Targeting Compartmentalization of PDE4

The existence of a myriad of PDE4 isoforms that are targeted to discrete sub-cellular locations and that have distinct regulatory properties means that PDE4s are key players in compartmentalizing cAMP signaling and regulating input from other signaling pathways (Baillie and Houslay 2005). The ability of PDE4s to be strategically targeted and anchored throughout the cell can be largely attributed to associations with other proteins. These protein-protein interactions are mediated mainly, but not exclusively, by the unique N-terminal regions of PDE4 isoforms (Houslay and Adams 2003; Huston et al. 2006b).

2.4.1 Role of the N-Terminal Region of PDE4s in Intracellular Targeting and cAMP Compartmentalization

As discussed in Sect. 2.1, a unique N-terminal region defines each PDE4 isoform. Evidence from our laboratory has shown unequivocally that this N-terminal region is essential in the intracellular targeting of PDE4 isoforms. Pivotal in this work has been the study of the super-short PDE4A, PDE4A1. PDE4A1 is unique in the PDE4 family in that it is entirely membrane bound and found, in a number of cell types, to be predominantly localized to the Golgi and to vesicles underlying the plasma membrane (Shakur et al. 1993, 1995; Pooley et al. 1997). However, removal of its isoform-unique 25-amino-acid N-terminal region generates a fully active and entirely soluble cytosolic form (Shakur et al. 1993). This discovery led to the proposal that intracellu-lar targeting was pivotal to the PDE4 family and so formed an inherent part of the observed isoform multiplicity. As such, PDE4A1 has provided a particularly useful model in underpinning the notion of PDE4 intracellular targeting.

NMR analysis has revealed the N-terminal region of PDE4A1 is composed of 25 amino acids that form two distinct helical structures bound by a flexible and mobile hinge region (Smith et al. 1996). It was observed in the original work by Shakur et al. (1993) that engineered constructs lacking this N-terminal region formed entirely soluble, fully active species. In addition, it was shown that when the N-terminal region of PDE4A1 was bound to an entirely cytosolic protein, such as CAT or GFP, the resultant chimeric protein was entirely membrane bound (Scotland and Houslay 1995; Smith et al. 1996; Baillie et al. 2002). These studies formed the paradigm for the importance of the N-terminal regions of the PDE4 enzymes in directing intracellular targeting and thereby allowing exquisite control of the shape and formation of gradients of cAMP within the cell, the basis of cAMP compartmentalization. The identification of the role of the N-terminal region of PDE4s in targeting and the knowledge that this region provides the signature of each individual PDE4 isoform led to the realization that this region could allow tailored compartmentalization of the cAMP signal through selective expression of PDE4 isoforms. Indeed, further studies identified the N-terminal regions of PDE4A5, PDE4A4 and PDE4D4 to interact with members of the SRC tyrosyl kinase family (O'Connell et al. 1996; Beard et al. 1999; McPhee et al. 1999), PDE4A5 to interact with the immunophilin XAP2 (Bolger et al. 2003b), PDE4D5 to interact with both RACK1 and P-arrestin (Yarwood et al. 1999; Steele et al. 2001; Bolger et al. 2002; Bolger et al. 2003a), PDE4B1 to interact with DISC1 (Millar et al. 2005) and PDE4D3 to interact with myomegalin, mAKAP and AKAP450 (Dodge et al. 2001; Tasken et al. 2001; Verde et al. 2001; McCahill et al. 2005). These interactions are discussed in Sect. 2.5 (and see Fig. 3).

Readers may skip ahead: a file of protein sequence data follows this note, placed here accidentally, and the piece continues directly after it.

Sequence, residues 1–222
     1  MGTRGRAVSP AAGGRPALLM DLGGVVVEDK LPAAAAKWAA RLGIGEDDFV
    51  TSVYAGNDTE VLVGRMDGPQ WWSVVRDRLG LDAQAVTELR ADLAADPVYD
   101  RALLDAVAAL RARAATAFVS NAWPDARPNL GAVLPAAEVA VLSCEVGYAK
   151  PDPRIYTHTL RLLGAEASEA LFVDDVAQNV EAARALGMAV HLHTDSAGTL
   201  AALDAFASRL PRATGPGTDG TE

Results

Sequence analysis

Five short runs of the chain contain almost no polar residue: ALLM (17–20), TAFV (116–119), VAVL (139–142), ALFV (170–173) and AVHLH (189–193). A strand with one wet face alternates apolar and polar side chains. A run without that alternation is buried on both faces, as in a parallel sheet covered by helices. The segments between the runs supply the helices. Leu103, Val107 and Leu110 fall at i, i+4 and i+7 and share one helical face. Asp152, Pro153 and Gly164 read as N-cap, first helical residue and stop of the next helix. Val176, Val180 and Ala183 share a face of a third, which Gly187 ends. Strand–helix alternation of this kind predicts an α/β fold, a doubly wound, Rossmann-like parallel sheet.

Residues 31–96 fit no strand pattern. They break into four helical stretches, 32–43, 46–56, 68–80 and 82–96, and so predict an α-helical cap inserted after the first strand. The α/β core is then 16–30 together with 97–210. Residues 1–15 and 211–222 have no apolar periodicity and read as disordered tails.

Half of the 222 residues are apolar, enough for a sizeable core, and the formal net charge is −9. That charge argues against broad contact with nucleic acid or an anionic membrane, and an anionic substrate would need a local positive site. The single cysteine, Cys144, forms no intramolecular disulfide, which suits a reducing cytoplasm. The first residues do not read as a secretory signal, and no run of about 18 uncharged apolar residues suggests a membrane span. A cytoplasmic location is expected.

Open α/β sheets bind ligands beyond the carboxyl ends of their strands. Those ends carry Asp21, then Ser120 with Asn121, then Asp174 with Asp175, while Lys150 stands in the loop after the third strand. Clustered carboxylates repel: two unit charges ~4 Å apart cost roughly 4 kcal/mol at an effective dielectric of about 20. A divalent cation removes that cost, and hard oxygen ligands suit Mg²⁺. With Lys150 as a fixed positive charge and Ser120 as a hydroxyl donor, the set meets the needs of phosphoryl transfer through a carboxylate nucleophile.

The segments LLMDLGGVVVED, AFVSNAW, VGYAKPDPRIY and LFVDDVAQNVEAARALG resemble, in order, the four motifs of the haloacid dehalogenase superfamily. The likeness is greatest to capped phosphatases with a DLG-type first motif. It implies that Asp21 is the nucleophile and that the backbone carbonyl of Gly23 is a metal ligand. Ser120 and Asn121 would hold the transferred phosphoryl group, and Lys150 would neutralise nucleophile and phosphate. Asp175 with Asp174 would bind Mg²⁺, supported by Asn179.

Fig. 3 Summary of the known protein-protein interactions of various PDE4 isoforms shown in their appropriate locations within a hypothetical cell

The interactions of PDE4 N-terminal regions are not confined to protein-protein interactions. Indeed, within PDE4A1 it is a microdomain within the second helical structure named TAPAS1 that confers Ca2+-gated membrane insertion and shows a preferential binding for net -2 charge phosphatidic acid (Baillie et al. 2002). More recently, it has been shown that this TAPAS1/PA interaction is not sufficient for the targeting of PDE4A1 in intact cells. Indeed, while TAPAS1 provides the core insertion domain, a separate site located within helix 1 is responsible for efficiency of the insertion and also for the retention of PDE4A1 to the Golgi (Huston et al. 2006a). It is suggested that this second site within helix1 may interact with another protein, as this site is not a lipid interaction site. The presence of more than one binding site for efficient targeting of proteins is synonymous with a number of other PDE4 protein-protein interactions where a second site of interaction within the PDE enzyme has also been identified. Binding of PDE4A4 to LYN SH3 has been shown to be dependent on the interaction of LYN-SH3 with sites located within both the N-terminus of PDE4A4 and within the LR2 region of the protein (McPhee et al. 1999). Likewise, binding sites for both P-arrestin and RACK1 have recently been found within both the N-terminal regions and catalytic region of PDE4D5 (Bolger et al. 2006). That such a level of complexity exists within the interactions of PDE4 isoforms with their myriad of binding partners indicates that absolute definition of the molecular basis of these interactions will be of great value in the development of powerfully specific drug therapies.

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